CLL Support Association
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Is anything known about time to first treatment after diagnosis?

I originally wrote this as an answer to another question, but find that perhaps I should just ask it as a separate topic. Everyone here knows that a CLL diagnosis is shocking, especially since it is so different than a typical cancer. We get to live with it until the last possible moment where we can then expect treatment. A lot is known and published about treatment as it is the eventual key to “curing” this disease.

But what do we do while we are waiting for treatment? With all the data they have collected on most of us, something must be known. My oncologist must have an idea of how long I will likely wait (in general) before treatment. We all wait, whether it be 2 months or 20 years. Its the time after treatment where there are the most variables - not before.

I am totally confused about time to first treatment (TTFT) in general. There must be many factors that determine this - but I’ve yet to see anything “current” that is written up about it. We are given a diagnosis and many (if not most) of us are told to wait. We have blood tests, lymphocyte doubling time, flow cytometry, antigen expression, genetic analysis, age - all known. I was told that I may never need treatment - but I might. No real time frame seems forthcoming - not even a guess. I’m asking for one of the more basic aspects of the disease, not that someone look into a crystal ball and tell me my future.

All the articles I read are about treatment. I have yet in the 2 months since my diagnosis heard of how long is a “ball park” guess that I must have to wait. Is this just not studied or put into any digestible form? If I am going to “watch and worry” then I really would like to know how long that could be. Even with new advances in treatment, that time must be somewhat unchanged. Does anyone have clarity on this? Or are all the studies about treatment and nothing about time to treatment?

Most graphs say that (since I am IgVH mutated), there is a 50% chance that I may not need treatment for 25 years. But there is about a 15% chance that I will need treatment in 5 years. Clearly there must be some way of to guess at this more precisely based on the many prognostic factors and can be used as a rule of thumb to expect when treatment will be likely?

This has got to be a question that many of us have or have had at some point after diagnosis. Any ideas? Thanks.

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I just posted about the CLL-IPI which will start to be used in clinical trials and drift down to the clinic over the next few years...

Basically it will allow streaming of patients, based on a group of factors... it will replace the current staging and prognostic systems and will be used worldwide.

ashclinicalnews.org/news/cl...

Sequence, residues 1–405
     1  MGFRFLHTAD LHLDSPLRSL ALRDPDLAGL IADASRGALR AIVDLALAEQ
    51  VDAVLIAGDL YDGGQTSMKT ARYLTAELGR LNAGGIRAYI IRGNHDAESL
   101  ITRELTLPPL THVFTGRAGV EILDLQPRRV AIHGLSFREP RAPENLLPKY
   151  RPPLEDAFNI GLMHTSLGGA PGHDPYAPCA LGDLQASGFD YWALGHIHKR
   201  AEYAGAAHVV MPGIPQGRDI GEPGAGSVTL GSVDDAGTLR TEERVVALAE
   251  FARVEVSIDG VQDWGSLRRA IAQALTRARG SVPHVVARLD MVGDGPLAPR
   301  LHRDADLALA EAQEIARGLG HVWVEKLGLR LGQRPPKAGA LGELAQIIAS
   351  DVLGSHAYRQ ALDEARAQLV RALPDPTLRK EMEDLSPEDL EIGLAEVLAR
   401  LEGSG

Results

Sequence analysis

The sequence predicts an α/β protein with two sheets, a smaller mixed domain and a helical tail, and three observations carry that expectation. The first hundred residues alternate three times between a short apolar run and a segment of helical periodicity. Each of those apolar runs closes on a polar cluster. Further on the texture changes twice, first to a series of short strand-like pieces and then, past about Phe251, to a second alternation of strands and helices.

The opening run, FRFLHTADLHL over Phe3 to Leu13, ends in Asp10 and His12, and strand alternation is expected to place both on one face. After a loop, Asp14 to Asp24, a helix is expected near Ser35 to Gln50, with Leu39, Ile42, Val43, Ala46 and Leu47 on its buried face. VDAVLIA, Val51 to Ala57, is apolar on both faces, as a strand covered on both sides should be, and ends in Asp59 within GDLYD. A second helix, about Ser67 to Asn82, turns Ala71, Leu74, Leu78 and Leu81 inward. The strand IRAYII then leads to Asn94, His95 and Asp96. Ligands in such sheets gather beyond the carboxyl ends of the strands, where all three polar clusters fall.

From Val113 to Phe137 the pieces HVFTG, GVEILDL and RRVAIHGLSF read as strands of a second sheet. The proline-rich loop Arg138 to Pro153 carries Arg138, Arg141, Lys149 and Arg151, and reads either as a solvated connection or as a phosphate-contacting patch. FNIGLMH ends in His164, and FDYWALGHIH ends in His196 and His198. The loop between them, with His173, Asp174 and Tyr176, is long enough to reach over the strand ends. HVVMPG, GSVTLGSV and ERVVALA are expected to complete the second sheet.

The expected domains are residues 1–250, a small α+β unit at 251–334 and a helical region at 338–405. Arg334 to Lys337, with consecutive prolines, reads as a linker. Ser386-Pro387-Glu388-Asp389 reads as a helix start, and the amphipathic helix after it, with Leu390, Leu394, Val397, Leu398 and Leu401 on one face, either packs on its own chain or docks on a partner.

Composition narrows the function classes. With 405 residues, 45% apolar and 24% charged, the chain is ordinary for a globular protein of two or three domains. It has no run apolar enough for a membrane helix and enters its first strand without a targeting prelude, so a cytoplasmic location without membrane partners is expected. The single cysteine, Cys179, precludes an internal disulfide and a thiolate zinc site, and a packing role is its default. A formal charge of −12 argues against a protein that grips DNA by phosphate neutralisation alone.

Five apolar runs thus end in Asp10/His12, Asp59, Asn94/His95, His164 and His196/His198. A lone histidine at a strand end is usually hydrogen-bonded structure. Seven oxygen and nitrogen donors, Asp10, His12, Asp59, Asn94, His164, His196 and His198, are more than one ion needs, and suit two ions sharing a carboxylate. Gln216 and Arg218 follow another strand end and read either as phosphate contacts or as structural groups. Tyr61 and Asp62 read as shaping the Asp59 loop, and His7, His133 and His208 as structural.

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Cllcanada - If I'm interpreting this correctly, the advances of the last 7+ years are not factored in, but the model is designed so that they can be in the future?

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Exactly.... its an open system.. so new treatments, new genes etc. can be included and verified...

Part of the limitation at the moment are that new novel agents are not included... but this only applies to the post treatment aspect, the pretreatment aspect would remain the same...

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H as CLLcanada mentioned, probably the best data we have on time to treatment comes from the studies that support the prognostic index. You can get a sense of your own risk profile by taking a questionnaire test. Note that the time to treatment data is unlikely to change much, but the time to death data is almost certainly already out of date due to new treatments, for more information see this post: healthunlocked.com/cllsuppo...

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I have had it for over 8 years with no treatment. Just blood tests every 3 months.

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Many of the factors used in the prognostic indicators take treatment into account. So much of what I see here is really much ofbthe same - staging and estimates to overall survival. I guess this is probably because a “typical cancer prognosis” assumes treatment soon after diagnosis. Chronic diseases aren’t that simple. Research wants to find ways to prolong survival, not tell us how long we may get to wait until treatment.

Its natural, but doesn’t help those of us grappling with the shock of diagnosis. Our instincts tell us to act immediately. This is how many people think. Its not easy to say “I dont know what is going to happen.” Also, as someone who is a former scientist, I look at all these graphs and know how they can me manipulated by those creating them to make whatever point they want to make. We used to do this all the time.

I guess I will always think like a scientist, and the first thing that comes to mind is how long to treatment? Treatment is the big variable and I’d assume that people would want to know how long that first interval is. I guess I must think backwards, as it seems overall survival time is totally unpredicable. Ask anyone diagnosed in 2001. They would never have expected to be around today. Probably they are the lucky ones that survived until better treatments came around. In 2o18, who knows what will be available in 2028? That makes TTFT the only thing one can grab onto for a sense of reality. But to speculate on overall survival time now - right after diagnosis - is really just guessing.

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If you look at the link I shared on my last comment the original article talks exactly about that: time to first treatment and those prognostic factors give an average indicator. The trouble is some “low risk” patients do progress more quickly than expected whilst some “high risk” DON’T. So. We have to try and live with this uncertainty. Hence why so many of us (me included) see a counsellor.